The two agencies will also benefit from using engineering knowledge and data systems that can work together, improving interoperability. The ESA-CNES agreement follows a similar agreement made between ESA and DLR, whose control centre is in Oberpfaffenhofen, near Munich, in December last year.
Frédéric Pradeilles, Director of Digital, Ground Segments and Operations, said, “This Memorandum of Cooperation marks a cornerstone for our agencies, as we develop our complementarity and face the challenges that lie ahead, together.”
As much of the mission control hardware and software used by the three agencies are made in Europe, the network of operations centres effort will also boost opportunities and competitiveness in the world market for European high-tech industry. The agreement was signed on 24 October at the International Astronautical Congress in Washington, DC, US. (Source: Space Connect)
29 Oct 19. NZ Space Agency works towards space strategy. New Zealand has its own space agency but still has work to do on an over-arching strategy to spell out its priorities. Space Agency head Peter Crabtree said his organisation was moving quickly to develop a comprehensive strategy that reflects its priorities, including sustainability, agility and collaboration with others. Much of New Zealand’s success in space stems from firm Rocket Lab, which regularly launches from its site on the Mahia Peninsula on the country’s North Island.
Although now a US company, Rocket Lab was founded in NZ by New Zealander Peter Beck.
“Since we were going to follow on this journey with Rocket Lab and it was going to be heading towards launching once or twice a week, then as the launch state we would be taking on a lot of responsibility,” Crabtree said at the NZ embassy in Washington, where the 2019 International Astronautical Congress was held last week.
“We needed to act as a responsible citizen of the world. We set ourselves the challenge of leading in that area.”
As well as Rocket Lab’s launch facility, New Zealand is also the chosen location for the new LeoLabs space surveillance radar.
LeoLabs chief executive Dan Ceperley said locating the Kiwi Space Radar in New Zealand was a strategic decision for LeoLabs.
“We are excited to become a full-fledged participant in this emerging space sector. Our investment model is aligned with New Zealand’s vision of sustainable development and responsible stewardship of space,” he said.
Crabtree said the New Zealand Space Agency was holding discussions with other space agencies to lay the foundation for science and technology programs to begin participating in global space missions.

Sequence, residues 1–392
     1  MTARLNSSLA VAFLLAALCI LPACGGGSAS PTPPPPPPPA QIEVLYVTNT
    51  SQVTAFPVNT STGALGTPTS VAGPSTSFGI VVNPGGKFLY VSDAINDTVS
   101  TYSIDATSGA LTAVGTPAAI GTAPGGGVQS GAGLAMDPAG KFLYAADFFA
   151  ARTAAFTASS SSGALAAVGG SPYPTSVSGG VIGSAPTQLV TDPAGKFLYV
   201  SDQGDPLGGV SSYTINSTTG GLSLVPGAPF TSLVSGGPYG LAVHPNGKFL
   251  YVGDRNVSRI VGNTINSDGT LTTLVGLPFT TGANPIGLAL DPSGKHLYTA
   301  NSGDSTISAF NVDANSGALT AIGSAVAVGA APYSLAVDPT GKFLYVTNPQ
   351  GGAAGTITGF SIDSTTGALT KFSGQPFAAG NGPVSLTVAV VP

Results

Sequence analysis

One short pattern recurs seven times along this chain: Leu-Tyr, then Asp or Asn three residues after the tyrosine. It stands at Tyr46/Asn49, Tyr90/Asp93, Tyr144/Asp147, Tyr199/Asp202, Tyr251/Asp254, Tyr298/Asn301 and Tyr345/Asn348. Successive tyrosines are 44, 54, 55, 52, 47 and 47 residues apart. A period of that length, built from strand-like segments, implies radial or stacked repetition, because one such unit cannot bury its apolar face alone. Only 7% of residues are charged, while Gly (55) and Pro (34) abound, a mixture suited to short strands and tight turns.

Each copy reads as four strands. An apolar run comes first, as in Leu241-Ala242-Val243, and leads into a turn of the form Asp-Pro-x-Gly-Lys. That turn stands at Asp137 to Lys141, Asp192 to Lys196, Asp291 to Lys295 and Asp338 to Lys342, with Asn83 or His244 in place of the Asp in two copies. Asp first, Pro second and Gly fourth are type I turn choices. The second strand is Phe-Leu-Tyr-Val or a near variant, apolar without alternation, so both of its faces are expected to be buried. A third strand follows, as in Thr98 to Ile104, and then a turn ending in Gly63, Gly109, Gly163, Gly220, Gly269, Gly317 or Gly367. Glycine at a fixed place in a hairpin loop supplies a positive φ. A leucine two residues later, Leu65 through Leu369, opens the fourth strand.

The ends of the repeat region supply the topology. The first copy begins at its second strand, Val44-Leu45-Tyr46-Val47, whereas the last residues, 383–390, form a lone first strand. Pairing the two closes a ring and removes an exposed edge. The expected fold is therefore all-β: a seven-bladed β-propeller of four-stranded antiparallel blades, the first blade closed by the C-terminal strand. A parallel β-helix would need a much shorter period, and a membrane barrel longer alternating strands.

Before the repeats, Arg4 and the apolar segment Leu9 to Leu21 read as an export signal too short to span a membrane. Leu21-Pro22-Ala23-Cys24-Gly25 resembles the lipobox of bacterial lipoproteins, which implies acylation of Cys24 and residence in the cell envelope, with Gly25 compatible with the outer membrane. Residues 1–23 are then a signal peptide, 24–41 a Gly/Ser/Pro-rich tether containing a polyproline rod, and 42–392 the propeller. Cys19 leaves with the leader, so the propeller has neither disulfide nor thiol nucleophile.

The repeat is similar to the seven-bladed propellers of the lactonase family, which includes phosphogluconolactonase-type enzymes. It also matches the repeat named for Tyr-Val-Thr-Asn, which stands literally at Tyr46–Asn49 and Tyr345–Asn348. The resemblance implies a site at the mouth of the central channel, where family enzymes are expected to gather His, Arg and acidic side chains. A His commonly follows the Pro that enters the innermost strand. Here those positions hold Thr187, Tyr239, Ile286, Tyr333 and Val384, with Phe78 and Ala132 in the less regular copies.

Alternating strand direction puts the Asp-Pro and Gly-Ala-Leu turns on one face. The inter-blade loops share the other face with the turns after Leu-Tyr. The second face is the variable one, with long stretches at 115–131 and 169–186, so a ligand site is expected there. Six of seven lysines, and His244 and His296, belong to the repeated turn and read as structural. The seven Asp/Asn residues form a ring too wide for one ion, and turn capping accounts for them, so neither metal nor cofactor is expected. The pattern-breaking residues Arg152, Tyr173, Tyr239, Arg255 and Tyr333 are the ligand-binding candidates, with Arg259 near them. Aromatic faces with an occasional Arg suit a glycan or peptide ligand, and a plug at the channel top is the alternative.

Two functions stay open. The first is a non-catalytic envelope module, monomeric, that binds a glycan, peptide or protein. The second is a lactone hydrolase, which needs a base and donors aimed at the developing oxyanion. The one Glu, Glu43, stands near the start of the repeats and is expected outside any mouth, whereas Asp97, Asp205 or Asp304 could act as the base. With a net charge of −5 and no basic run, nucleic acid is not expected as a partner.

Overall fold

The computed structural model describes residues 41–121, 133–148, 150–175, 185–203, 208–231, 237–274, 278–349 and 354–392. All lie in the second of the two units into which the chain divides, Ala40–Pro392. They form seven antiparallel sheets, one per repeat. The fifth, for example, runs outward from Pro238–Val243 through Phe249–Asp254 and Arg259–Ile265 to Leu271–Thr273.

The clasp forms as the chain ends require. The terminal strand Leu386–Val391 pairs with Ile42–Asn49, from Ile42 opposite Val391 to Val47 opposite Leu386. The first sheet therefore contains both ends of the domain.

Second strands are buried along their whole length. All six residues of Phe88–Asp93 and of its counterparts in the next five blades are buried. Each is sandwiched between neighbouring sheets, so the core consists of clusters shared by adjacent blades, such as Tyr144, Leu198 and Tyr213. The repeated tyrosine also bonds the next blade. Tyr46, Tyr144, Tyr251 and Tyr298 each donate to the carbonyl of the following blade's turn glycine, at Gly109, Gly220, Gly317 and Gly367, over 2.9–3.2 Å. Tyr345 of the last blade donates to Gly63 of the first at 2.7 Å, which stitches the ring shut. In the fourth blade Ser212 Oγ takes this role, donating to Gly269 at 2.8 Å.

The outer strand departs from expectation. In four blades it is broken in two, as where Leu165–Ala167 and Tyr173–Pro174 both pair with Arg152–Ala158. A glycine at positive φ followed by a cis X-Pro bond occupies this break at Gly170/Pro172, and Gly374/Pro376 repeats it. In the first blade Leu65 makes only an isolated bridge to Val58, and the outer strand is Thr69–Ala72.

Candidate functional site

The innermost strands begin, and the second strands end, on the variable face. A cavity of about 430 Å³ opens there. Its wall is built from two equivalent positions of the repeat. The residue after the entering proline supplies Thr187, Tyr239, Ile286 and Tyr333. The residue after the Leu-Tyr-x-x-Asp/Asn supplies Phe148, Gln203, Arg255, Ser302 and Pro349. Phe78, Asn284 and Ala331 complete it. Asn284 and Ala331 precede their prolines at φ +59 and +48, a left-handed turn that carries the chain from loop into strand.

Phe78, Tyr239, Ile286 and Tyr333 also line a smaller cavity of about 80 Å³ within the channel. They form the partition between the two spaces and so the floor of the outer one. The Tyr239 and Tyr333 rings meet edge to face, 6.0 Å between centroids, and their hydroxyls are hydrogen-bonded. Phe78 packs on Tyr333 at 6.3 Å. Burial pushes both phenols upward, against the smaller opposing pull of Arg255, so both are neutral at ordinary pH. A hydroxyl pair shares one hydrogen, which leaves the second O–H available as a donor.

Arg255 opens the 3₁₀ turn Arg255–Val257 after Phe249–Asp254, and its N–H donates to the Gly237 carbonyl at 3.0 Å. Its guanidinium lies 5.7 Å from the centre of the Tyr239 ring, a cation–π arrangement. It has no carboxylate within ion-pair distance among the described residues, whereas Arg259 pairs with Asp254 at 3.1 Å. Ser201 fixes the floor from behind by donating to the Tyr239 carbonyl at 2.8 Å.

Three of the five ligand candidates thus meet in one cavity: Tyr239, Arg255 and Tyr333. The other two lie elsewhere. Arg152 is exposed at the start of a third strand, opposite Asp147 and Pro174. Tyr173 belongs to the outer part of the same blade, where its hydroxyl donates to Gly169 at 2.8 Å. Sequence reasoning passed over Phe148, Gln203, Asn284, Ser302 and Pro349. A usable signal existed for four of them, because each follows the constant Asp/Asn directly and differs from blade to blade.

He said through those conversations, space agency leaders were beginning to think about national space missions and what New Zealand could do itself.
“We will embrace the power of small and push the frontier of what you can do with small things in space,” Crabtree said.
The New Zealand Space Agency was launched in April 2016 as a part of the Ministry of Business, Innovation and Employment, with a brief to promote the space sector and reap its economic benefits.
That placed NZ more than two years ahead of Australia.
However, Australia has a space strategy that expounds a bold vision for expansion of the space sector. (Source: Space Connect)
28 Oct 19. Space Development Agency Gets First Permanent Director. Defense Department officials today announced the selection of Derek Tournear as the first permanent director of the Space Development Agency. Established in March, the SDA is responsible for unifying and integrating DOD’s space development efforts, monitoring the department’s threat-driven future space architecture and accelerating the fielding of new military space capabilities necessary to ensure U.S. technological and military advantages in space.
To achieve this mission, SDA is defining the National Defense Space Architecture — an integrated, coherent architecture capable of addressing the eight critical, yet unmet, priorities of the DOD Space Vision.
To address these eight priorities, the future National Defense Space Architecture will include a proliferated satellite constellation consisting of six space layers and one ground layer. SDA will orchestrate and unify those efforts across the department, and fill capability gaps while ensuring an integrated architecture.
“Our strategy is to unify efforts across the military services and government agencies to rapidly develop capabilities that are responsive to the threat, are cost-effective, and increase our technological advantage,” said Michael Griffin, the undersecretary of defense for research and engineering. ”Derek will lead our effort to achieve those goals.”
Tournear most recently served as the assistant director for space at DOD’s research and engineering office. He previously served as the senior scientist for space activities and space technologies in the Office of Smart Collection at the Intelligence Advanced Research Projects Activity, and as a program manager at the Defense Advanced Research Projects Agency. He also has professional experience at Los Alamos National Laboratory and spent time working in research and development for the industry. Tournear has a Ph.D. in physics from Stanford University and a bachelor’s from Purdue University. (Source: US DoD)